Organize a Neighborhood Food Drive - Action for Healthy Kids
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Organize a Neighborhood Food Drive

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Neighborhood food drives are a great way to get children involved in their communities by teaching them where their food comes from, increasing food access, and learning how to plan an event in the community.

A neighborhood food drive is a great way to stock the shelves at local food pantries, connect with schools and other organizations to build community engagement, and keep children fed during the summer when school meal programs may be harder to access. They support many community organizations that strive to make nutrition more accessible by bringing together members of all corners of the community. Not to mention, food drives offer children opportunities to take leadership and develop skills in relationship building, empathy, and social awareness.

Take Action

Choose an Organization: The first step in planning a neighborhood food drive is deciding who the families and children would like to help with their efforts.

  • Partnering up with a local school can be a great way to connect students and their families to opportunities within the community. School partnerships also provide children with the opportunity to come back to their schools during the summer and connect with fellow classmates, teachers, and staff. Maintaining the connection between families, students, and school staff is an important step in building a bridge to promote community engagement.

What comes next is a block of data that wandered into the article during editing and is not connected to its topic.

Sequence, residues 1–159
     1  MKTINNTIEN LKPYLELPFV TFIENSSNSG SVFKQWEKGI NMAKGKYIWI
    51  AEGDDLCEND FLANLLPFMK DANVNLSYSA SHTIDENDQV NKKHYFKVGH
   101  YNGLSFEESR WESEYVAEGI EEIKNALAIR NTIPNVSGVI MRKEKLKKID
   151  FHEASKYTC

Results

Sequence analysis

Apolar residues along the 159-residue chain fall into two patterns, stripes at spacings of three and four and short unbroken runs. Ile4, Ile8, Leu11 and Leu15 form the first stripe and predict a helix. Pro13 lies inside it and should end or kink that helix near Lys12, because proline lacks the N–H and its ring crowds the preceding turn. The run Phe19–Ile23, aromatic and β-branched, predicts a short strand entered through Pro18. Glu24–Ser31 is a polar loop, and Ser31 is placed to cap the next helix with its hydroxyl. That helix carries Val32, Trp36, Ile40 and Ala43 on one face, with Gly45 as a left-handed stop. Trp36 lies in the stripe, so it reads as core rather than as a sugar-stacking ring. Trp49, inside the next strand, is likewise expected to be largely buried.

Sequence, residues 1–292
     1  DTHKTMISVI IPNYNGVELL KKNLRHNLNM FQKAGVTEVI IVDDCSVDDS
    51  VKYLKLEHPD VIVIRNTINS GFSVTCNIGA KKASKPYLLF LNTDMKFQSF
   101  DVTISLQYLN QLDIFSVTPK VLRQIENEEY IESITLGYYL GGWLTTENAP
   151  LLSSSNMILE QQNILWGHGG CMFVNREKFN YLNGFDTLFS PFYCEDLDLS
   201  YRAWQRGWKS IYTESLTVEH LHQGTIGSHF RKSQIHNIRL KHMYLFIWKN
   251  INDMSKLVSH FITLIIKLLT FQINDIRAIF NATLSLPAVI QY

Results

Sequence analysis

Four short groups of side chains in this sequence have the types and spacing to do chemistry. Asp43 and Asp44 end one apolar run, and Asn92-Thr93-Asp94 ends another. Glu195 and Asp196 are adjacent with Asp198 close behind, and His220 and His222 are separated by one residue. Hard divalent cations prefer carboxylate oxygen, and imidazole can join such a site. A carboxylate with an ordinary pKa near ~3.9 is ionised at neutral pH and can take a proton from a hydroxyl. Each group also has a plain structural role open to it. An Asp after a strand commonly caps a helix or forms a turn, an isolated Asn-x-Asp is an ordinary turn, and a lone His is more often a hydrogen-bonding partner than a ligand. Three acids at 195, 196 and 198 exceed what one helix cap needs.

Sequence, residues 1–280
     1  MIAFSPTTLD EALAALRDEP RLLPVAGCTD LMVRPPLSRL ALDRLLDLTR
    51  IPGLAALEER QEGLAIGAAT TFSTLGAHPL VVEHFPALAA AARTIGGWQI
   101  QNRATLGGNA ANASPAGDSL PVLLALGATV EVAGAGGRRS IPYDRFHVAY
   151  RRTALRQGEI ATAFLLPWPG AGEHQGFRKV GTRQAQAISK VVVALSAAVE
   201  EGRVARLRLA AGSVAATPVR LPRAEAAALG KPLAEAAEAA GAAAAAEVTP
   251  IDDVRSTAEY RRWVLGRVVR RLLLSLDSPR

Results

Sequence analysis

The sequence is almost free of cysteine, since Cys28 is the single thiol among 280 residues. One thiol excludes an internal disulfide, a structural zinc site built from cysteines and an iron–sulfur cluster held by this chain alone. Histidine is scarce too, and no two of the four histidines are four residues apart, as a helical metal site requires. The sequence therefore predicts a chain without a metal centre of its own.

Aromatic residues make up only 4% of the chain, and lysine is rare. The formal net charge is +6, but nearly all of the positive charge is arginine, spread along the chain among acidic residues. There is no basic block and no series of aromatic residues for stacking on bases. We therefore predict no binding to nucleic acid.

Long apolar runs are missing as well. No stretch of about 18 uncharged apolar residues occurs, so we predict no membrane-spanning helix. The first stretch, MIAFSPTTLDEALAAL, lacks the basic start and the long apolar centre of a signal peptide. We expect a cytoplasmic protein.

• Local food pantries, WIC centers, or Summer Meal Programs are other potential beneficiaries of the neighborhood food drive. Work with a local food pantry, WIC center, or other organization alongside your local school to create an event to remember! Contact the organization to learn more about the need of the communities (e.g., most wanted foods, if virtual drives are preferred, etc.) to ensure your efforts are aligned.

Include Children in the Planning Process: After deciding what organization the children would like to benefit with their community food drive, it’s time to start planning!

  • There are many steps that children can be involved in to make the neighborhood food drive fun and successful including jobs such as calling the organization to determine what items they are in need of, deciding where and how to advertise the food drive, planning an event to transport or organize the collected items, or going out into the community to ask for donations.
  • A neighborhood food drive serves as the perfect opportunity for children to develop skills in leadership within their community. The more responsibility children are able to take on, the better!


The Logistics: Once the organization has conveyed its needs to the families or schools, it’s time to figure out what the next steps are.